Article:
The New York Times makes the “moral case” for drones

On July 14, the New York Times published an article by national security reporter Scott Shane entitled “The Moral Case for Drones.” At first glance, one might have thought that the headline was intended as a Swiftian satire, in the spirit of “A Modest Proposal,” of a particularly gruesome violation of legality by the Obama administration. But no satire was intended. Quite the opposite: the piece seeks to justify the assassination program run out of the Obama White House, which has resulted in hundreds of deaths of civilians in Pakistan, Afghanistan, Yemen and elsewhere.

Shane first notes that the “lethal operations [of the drones] inside sovereign countries that are not at war with the United States raise contentious legal questions”—only to ignore those questions in the remainder of his article.

On the basis of interviews with “some moral philosophers, political scientists and weapons specialists,” Shane suggests that “armed, unmanned aircraft” may “offer marked moral advantages over almost any other tool of warfare.”

The latest article is a follow-up of sorts to a May 29 report in the Times co-authored by Shane, detailing President Barack Obama’s personal and apparently eager participation in drawing up lists of those to be killed in drone and other attacks. The level of state criminality exposed in that piece, although presumably commissioned by the White House itself, has vast legal and moral implications.

The account of the president’s role produced widespread outrage and, within the ranks of Obama supporters, considerable unease.

Responding to that nervousness, Shane’s July 14 article is an effort to legitimize the use of drone strikes, to present criminal, homicidal behavior as a positive good. He is attempting to condition and intimidate public opinion, to morally implicate the broader public in these atrocities.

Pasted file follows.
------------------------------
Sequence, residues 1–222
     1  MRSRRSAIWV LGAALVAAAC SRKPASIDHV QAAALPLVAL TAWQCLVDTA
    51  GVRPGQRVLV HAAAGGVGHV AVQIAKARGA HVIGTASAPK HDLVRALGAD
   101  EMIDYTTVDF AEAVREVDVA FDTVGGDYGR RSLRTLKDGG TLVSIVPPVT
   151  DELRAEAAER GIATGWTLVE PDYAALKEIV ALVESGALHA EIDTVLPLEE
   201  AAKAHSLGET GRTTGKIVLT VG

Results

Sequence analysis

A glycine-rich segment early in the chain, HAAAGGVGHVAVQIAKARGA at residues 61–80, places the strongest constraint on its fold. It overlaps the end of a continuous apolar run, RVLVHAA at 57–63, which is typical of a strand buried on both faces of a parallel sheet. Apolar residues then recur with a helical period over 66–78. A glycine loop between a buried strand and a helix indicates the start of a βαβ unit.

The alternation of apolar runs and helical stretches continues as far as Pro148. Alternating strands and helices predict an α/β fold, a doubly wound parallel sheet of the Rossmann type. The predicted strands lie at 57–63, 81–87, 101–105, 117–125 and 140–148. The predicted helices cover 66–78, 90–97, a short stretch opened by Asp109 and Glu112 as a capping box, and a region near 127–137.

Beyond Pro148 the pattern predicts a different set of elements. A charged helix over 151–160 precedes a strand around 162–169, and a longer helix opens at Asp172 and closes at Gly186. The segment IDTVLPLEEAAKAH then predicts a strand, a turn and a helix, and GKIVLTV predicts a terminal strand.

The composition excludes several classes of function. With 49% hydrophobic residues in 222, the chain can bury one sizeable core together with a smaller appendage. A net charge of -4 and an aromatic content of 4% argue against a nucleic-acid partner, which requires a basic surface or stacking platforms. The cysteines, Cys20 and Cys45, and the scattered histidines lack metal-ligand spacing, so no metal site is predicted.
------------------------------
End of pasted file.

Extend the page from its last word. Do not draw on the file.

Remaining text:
Shane and the experts he interviews aim to make killing something natural, politically astute and even, all things considered, humane. Shane wants his liberal readers to get over whatever moral qualms they may feel. “This is the way of the world; deal with it!” the article’s cynical tone suggests. No, this is the way Shane and his ilk would like to make the world.

The Times reporter devotes much of his July 14 piece to considering the rates at which various modes of warfare kill civilians. He finds that the highest estimate of collateral deaths associated with drones “compares favorably” (in the words of one his interviewees) with “similar operations and contemporary armed conflict more generally.” Shane and the crowd of apologists for state murder he sounded out inevitably bring to mind the notion of the “banality of evil,” a phrase coined by Hannah Arendt in regard to the trial of Nazi Adolf Eichmann in 1963.